The diffraction efficiency results of the blazed grating are presented in Fig. 7. Since the grating is asymmetric, the diffraction orders are not symmetric along the xz-plane, which is well observed at m = ± 1 and m = ± 2 diffraction orders. In addition, at m = 0, a small difference between the 8° and −8° angles of incident light is observed, due to the asymmetric grating. This difference seems to be negligible in the corresponding specular reflectance measurement shown Fig. 6(a), possibly due to the accuracy of the measurement. The diffraction orders of m = 0, + 1, and + 2 in the 2D simulations shown in Fig. 7(b) are supporting the measurements, even though they are not perfectly matching. In particular, simulations predict low frequency oscillations of the m = 0 spectrum, which were not observed in the experiments. Such oscillations could be attributed to the onset of a Fabry-Perot cavity effect in the polymer layer. The wavelength period (about 75-80 nm at λ = 1050 nm) is in fact well correlated with the polymer thickness and the oscillations were mainly visible in the TE polarization, which suffers less for the optical loss at the polymer/metal interface. On the other hand, such interference effects are not visible in the experimental data due to the non-uniformity of the fabricated polymer layer.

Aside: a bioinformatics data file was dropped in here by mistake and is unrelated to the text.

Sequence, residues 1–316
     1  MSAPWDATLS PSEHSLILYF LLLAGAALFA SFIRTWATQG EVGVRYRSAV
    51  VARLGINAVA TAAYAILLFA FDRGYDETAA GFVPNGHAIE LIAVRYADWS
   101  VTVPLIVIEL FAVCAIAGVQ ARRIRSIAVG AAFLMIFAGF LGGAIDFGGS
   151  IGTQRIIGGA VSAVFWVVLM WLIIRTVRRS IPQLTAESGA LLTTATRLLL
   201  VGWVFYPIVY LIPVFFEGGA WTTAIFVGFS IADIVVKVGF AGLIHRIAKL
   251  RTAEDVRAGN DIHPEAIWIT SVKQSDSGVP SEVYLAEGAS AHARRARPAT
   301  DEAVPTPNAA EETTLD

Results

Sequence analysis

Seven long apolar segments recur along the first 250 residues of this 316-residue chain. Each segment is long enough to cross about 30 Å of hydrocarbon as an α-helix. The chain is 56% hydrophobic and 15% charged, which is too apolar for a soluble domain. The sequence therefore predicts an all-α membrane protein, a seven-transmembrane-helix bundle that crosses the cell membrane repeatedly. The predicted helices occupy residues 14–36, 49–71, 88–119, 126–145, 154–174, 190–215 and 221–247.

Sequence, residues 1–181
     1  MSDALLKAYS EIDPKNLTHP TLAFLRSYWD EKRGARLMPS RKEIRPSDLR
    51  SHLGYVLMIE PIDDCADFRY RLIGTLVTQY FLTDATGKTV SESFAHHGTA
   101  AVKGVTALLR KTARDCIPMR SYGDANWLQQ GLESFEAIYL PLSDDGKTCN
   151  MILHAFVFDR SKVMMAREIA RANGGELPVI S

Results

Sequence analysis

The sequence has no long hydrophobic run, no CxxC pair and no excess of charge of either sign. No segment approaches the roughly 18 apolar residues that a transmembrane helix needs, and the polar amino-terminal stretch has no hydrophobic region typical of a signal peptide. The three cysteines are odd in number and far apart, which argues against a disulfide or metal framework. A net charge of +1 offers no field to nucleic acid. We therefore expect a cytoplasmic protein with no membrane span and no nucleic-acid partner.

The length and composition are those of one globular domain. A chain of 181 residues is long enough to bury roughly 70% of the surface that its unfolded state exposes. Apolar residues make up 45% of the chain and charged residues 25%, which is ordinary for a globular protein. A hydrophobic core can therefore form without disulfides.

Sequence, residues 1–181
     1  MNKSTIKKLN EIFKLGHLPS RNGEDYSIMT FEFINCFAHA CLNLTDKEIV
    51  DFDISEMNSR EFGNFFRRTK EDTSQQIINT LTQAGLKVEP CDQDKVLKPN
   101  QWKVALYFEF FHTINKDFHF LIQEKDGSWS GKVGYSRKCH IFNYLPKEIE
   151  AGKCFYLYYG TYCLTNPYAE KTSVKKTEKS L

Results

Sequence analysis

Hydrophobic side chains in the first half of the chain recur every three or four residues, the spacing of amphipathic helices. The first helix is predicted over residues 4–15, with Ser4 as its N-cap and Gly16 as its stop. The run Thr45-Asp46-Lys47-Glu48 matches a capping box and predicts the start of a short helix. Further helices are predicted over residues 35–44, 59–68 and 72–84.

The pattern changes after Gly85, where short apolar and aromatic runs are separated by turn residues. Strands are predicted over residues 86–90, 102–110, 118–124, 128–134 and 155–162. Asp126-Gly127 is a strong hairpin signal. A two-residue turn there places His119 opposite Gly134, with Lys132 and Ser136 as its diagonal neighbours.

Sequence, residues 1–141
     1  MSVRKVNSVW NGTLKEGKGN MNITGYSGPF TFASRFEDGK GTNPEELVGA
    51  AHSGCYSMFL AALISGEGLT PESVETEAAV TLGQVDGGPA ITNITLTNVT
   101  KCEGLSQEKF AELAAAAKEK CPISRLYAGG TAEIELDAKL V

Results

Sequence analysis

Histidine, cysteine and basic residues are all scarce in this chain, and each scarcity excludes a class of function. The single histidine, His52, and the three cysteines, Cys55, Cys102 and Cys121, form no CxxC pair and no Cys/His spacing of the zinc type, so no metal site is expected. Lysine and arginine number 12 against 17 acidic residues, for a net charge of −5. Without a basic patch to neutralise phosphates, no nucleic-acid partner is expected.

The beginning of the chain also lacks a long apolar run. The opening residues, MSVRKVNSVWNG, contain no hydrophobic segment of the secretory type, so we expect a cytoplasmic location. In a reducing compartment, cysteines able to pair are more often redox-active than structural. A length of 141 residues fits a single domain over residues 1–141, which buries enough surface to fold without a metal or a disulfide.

The diffraction efficiency results for the pyramid grating are presented in Fig. 8. In the measurements, power coupling to the first diffraction order is observed. The second diffraction order was not observed in the measurements, since they were performed up to 48° angle, where m = 2 is not yet present. However, according to the simulations, there is power coupling also to the second diffraction order. Furthermore, the m = 0 diffraction order is well in line with the specular reflectance results, presented in Fig. 6(a).
3.3 Thin-film QD solar cell simulations